GCP API Gateway Demo with Terraform / Go / Cloud Run

If you’ve been building web services on GCP Cloud Functions or Cloud Run, then you might have noticed that Google Cloud has been missing an important piece of infrastructure: an API Gateway.

While AWS has had its Amazon API Gateway for a few years now, GCP had no equivalent service (there was Cloud Endpoints but I think the scope is a bit different), leaving developers to build custom solutions … But not anymore ! GCP has recently announced the brand new Google Cloud API Gateway, so I thought I’ll give it a try. It’s still in beta so do take that into consideration before using it in your production systems.

Why do I need an API gateway ?

Looking at RedHat’s definition:

An API gateway is an API management tool that sits between a client and a collection of backend services.

To make this more concrete and easier to understand, let’s quickly jump to the example we’ll be building in this article.

A tale of 2 Microservices

For this article we’ll be building a fictional app that consists of 2 backend components:

  • Users service: a simple microservice with an http API that returns a list of users in JSON format, hosted on GCP Cloud Run.

We’d like to provide unified access to those 2 services through an API gateway. Any frontend component can then connect to the API gateway, and the gateway will then route the requests to the proper backend service. Here is are a couple of schemas that illustrate our goal:

Users Request
Locations Request

Let’s code

You can follow along using this github repository I’ve prepared. It contains all of the code and commands needed to run the project.

I’ve wrapped most shell commands for the project in this Makefile, you can refer to it for the details about the commands:

GCP setup

I’ve detailed here the preliminary steps required to setup the GCP environment for this project. It’s mostly authenticating, creating a new GCP project, a service account with the right permissions and enabling the cloud APIs.

Backend services

The microservices themselves are very simple Go api servers based on chi router. Here is the handler section for the users service, it has a single route and returns a static list of users as JSON:

The locations service is very similar:

Both services are containerized, we just build and push them to GCP Container Registry using GCP Cloud Build (CI/CD) so they’re ready to deploy to GCP Cloud Run.

Build/Push users service container:

$ # PROJECT_ID holds the GCP project id
$ PROJECT_ID=$PROJECT_ID make gcr-push-users

Build/Push locations service container:

$ PROJECT_ID=$PROJECT_ID make gcr-push-locations

A bit of Terraform magic

We’re deploying the Cloud Run services using Terraform. If you haven’t used it yet you should check it out as it’s a fantastic Infrastructure as Code tool and it can make your DevOps workflows much cleaner.

The most important part of the terraform configuration is this section where we declare the cloud run service, using the service container we pushed earlier:

If you’re trying to deploy the project and you’re confused about the terraform variable values that you should use in the terraform.tfvars file (not committed into the repo), here are the values from my specific setup/gcp project as an example:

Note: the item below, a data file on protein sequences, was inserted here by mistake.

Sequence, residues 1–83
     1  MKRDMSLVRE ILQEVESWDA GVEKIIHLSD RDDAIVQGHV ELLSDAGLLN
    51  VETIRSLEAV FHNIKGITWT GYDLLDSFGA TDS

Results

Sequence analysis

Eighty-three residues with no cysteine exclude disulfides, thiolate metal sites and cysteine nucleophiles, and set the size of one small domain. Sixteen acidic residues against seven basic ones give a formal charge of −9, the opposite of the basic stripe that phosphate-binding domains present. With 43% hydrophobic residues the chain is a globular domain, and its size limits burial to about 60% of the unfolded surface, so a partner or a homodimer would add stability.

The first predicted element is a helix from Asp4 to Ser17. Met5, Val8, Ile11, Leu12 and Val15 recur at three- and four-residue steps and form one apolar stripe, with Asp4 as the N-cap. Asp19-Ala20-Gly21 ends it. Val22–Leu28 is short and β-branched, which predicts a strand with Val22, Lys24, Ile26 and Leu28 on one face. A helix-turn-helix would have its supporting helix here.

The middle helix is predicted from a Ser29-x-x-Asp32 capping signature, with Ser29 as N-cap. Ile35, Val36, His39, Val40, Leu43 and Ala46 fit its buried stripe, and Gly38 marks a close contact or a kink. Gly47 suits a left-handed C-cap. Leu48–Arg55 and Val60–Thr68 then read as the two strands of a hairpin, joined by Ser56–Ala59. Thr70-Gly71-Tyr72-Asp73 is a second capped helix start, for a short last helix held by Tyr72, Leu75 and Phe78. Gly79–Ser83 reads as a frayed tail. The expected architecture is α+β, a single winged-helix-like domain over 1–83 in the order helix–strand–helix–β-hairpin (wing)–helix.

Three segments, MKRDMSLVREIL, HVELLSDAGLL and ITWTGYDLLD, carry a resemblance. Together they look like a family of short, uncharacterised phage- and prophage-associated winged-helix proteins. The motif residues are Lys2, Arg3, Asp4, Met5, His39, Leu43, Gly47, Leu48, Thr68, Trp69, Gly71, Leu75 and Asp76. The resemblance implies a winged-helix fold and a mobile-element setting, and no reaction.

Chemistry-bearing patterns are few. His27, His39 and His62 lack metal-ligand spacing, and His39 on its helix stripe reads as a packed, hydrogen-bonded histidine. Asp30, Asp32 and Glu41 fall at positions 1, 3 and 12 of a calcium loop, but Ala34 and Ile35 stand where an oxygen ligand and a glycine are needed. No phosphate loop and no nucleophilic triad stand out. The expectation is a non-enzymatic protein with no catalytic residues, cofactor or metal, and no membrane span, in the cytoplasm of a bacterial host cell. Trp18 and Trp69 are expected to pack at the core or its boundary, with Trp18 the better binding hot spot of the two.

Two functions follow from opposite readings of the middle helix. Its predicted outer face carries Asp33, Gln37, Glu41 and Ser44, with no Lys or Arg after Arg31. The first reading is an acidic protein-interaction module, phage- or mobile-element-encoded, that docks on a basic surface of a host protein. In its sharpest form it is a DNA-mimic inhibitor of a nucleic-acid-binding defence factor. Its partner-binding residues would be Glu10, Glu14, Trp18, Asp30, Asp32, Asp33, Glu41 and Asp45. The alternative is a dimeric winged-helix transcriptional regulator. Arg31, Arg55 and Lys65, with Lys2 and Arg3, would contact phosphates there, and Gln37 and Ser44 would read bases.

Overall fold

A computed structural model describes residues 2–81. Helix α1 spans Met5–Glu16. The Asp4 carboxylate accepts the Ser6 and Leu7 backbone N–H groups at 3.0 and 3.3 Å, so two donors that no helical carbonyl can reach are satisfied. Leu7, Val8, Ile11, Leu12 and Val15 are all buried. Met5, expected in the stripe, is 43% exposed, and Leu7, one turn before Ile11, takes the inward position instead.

To start deploying services we first create a Terraform plan, where Terraform calculates the changes it needs to make to the infrastructure:

$ make tf-plan

Then we apply the changes:

$ make tf-apply

which will produce an output similar to:

Outputs:locations-svc-url = https://locations-svc-qqx6qmklha-ew.a.run.app
users-svc-url = https://users-svc-qqx6qmklha-ew.a.run.app

The backend services are deployed and ready to use.

The API Gateway

We can finally move on to the API gateway. Unfortunately at the time of writing this article, GCP API Gateway doesn’t seem to be supported yet in Terraform’s Google Cloud provider, so I couldn’t include it in the Terraform configuration. However I did find this github issue discussing its possible implementation, so support might be added in the future. As a consequence, for this step we’re back to imperative gcloud shell commands.

The most important configuration element for our API Gateway is the OpenAPI spec:

It describes our API and instructs the API gateway to route specific HTTP request paths to our backend services.

We can now deploy the gateway:

$ # PROJECT_ID and REGION hold the GCP project id and region
$ PROJECT_ID=$PROJECT_ID REGION=$REGION make deploy-api-gateway

then we print the gateway url:

$ PROJECT_ID=$PROJECT_ID REGION=$REGION make get-gateway-url

which should output something like:

https://gateway-demo-4s0vqu9q.ew.gateway.dev

Let’s test the API gateway /users route:

$ curl -s https://gateway-demo-4s0vqu9q.ew.gateway.dev/users|jq
[
{
"id": 1,
"name": "Mike"
},
{
"id": 2,
"name": "John"
}
]

And now the /locations route:

$ curl -s https://gateway-demo-4s0vqu9q.ew.gateway.dev/locations|jq
[
{
"id": 1,
"name": "London",
"country": "UK"
},
{
"id": 2,
"name": "Paris",
"country": "FR"
}
]

It works, and we are done 🎉🎊.

Conclusion

Obviously In this simple example we’ve only scratched the surface of the capabilities such a service can provide. For example we haven’t discussed any of the more advanced features like authentication or rate limiting. Feel free to give it a try and let me know what your first impressions are. You can check out the full docs here.

Backend & Cloud Engineer (Golang)